My wife and I run up thousands of dollars a month on our credit cards. We like it that way, and we’re not going to stop.
We buy almost everything we can on on two credit cards – from big purchases (we charged $5,000 when we bought my wife’s car) to small (80 cents for a pack of gum this week). As a result, there’s one category of goods we rarely buy: gifts.
Many people buy Christmas presents with their credit cards. But for my wife and I, our credit cards buy Christmas presents for us. Like a lot of folks, we have cards that are linked to reward programs. But we do things a little differently, and it adds up to a lot of savings…
A deficit of debit cards
Credit card usage is plummeting in America, as more of us reach in our wallets for debit cards. One study last month by a research firm called Javelin proclaimed, “Credit card use among consumers decreased by 31 percentage points between 2007 and 2009.” Before the recession, 87 percent of us regularly used credit cards. Last year, it was down to 56 percent.
Sure, debit cards prevent you from spending money you don’t have. But they don’t offer the free rewards many credit cards do – although that’s starting to change. I’m a longtime Bank of America customer, and I’m getting a lot of unsolicited junk mail and email begging me to sign up for the bank’s rewards card.
But our two cards have the best rewards we can find – more on that in a moment – so the wife and I use our regular ol’ bank debit card for just one use: ATMs. The rest is on all the credit cards.
Who needs cash?
This month, I’ve been tracking how much cash I’ve spent. Answer: none. And I even went to Las Vegas on a business trip. Sometimes it was a hassle – in Las Vegas, if you want to charge for a cab ride, you have to say so in advance and wait a little longer for a cab with the latest technology. But while I carry $50 for emergencies, it’s just been collecting dust in my wallet.
When I park in my local downtown to go shopping or out to dinner with my wife, I park at meters that accept credit cards. I park in garages that accept credit cards. I’ve bought a newspaper at a convenience store on a credit card. A few years ago, I’d get a funny look from the cashier, as I signed a receipt for 50 cents. These days, many transactions don’t even require a signature.
So what do I get for ignoring my debit cards and my cash? Wonderful rewards. Here’s how the wife and I do it…
- The embarrassment factor: To reduce the chances we’ll overspend, we use only two distinct credit cards – one for each of us. Since we both have access to the other’s monthly statement, if one of our cards racks up more frivolous charges than the other, it’s easy to spot, and the resulting embarrassment keeps our spending in check.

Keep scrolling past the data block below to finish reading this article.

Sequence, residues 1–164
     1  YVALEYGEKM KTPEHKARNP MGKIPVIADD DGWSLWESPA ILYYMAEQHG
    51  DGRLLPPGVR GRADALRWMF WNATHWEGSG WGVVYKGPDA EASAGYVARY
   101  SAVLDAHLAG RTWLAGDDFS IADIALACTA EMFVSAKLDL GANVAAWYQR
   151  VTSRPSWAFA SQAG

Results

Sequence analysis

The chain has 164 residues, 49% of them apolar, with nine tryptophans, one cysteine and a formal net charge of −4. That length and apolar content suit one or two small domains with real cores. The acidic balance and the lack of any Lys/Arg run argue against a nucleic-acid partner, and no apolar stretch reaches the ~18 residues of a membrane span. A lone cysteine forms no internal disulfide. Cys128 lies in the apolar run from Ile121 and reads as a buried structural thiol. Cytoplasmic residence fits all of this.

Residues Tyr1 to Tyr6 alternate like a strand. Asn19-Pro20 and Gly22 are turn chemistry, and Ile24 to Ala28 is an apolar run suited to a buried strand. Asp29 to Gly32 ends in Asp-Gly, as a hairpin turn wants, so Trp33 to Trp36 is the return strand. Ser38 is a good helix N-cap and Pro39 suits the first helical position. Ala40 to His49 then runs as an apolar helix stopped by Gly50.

- Good budgeting: By keeping our own card, we can more easily track our purchases. We know it’s crucial to keep a budget, yet like most Americans, we’d rather get a root canal. But with nearly all our purchases on two bills each month – both available online and searchable – it’s simple to figure out how much we spend on everything from groceries to gasoline.
- High rewards: We chose cards that may not offer the best interest rates and grace periods, but since we pay off our balances each month, who cares? (We hate carrying a balance so much, I once sold my car and traded down just so I could avoid that.)
Both cards offer a wide array of rewards that make for excellent holiday gifts, especially for what I call “in between people” – coworkers and bosses and friends of friends you really like but don’t know well enough to guess what they’d want as a present. The rewards program for my Amazon card isn’t as extensive as my wife’s Sapphire card, but it offers a lot of gift cards. And for a guy buying presents for another guy, nothing beats a $25 Amazon gift certificate, a $50 Starbucks card, a $50 Dunkin’ Donuts card, or $150 off airfare to anywhere.
My wife’s Sapphire card offers even more. Besides more gift cards (Gap, Saks), she can acquire Mikasa dinnerware for around 6,000 points, Tommy Hilfiger sheets for 4,600 points, and even an iPod Shuffle (the latest model) for 6,700 points. Like nearly all other rewards cards, ours offer one point for every dollar spent, although Amazon pays me triple points for shopping at their site, which I do often. That’s why I keep the card instead of getting a Sapphire one like the wife.
More for the same
As credit card use declines, I’ve noticed our own card’s rewards have gotten even better.
Originally, all I could get for my Amazon points were Amazon gift certificates and a couple of restaurant gift cards – still good enough for my guy friends. But nowadays, the options have expanded. And my wife’s card? If she saves enough points, she can get free furniture. Although I wonder: Has anyone sprung for a “Hillsdale Tiburon II Bedroom Set, Queen Bed w/ 4 Drawers, Dresser, Wood & Metal Mirror & Nightstand” for a whopping 324,800 points?
Other reasons we love credit cards
I’m not saying this approach works for everyone. Obviously, if you’re in serious debt, you need to pay that down first before even thinking about credit cards, much less rewards. But I imagine there are a fair number of folks out there like me and the wife: Not rich by any means, but also not in major debt and capable of managing plastic.
We have frugal cars that are paid off, and we don’t know how to wisely invest our meager savings. But by taking advantage of what credit card companies are offering, we save hundreds of dollars a year and many hours of time and aggravation worrying about what gifts to get friends, coworkers, and family – and how to pay for it all.
And even if we couldn’t rack up great rewards, the wife and I would keep using credit cards as much as we do – because there are so many excellent yet understated benefits, from 8 Reasons You Should Love Credit Cards to 7 Things a Credit Card Can Do That a Debit Card Can’t.
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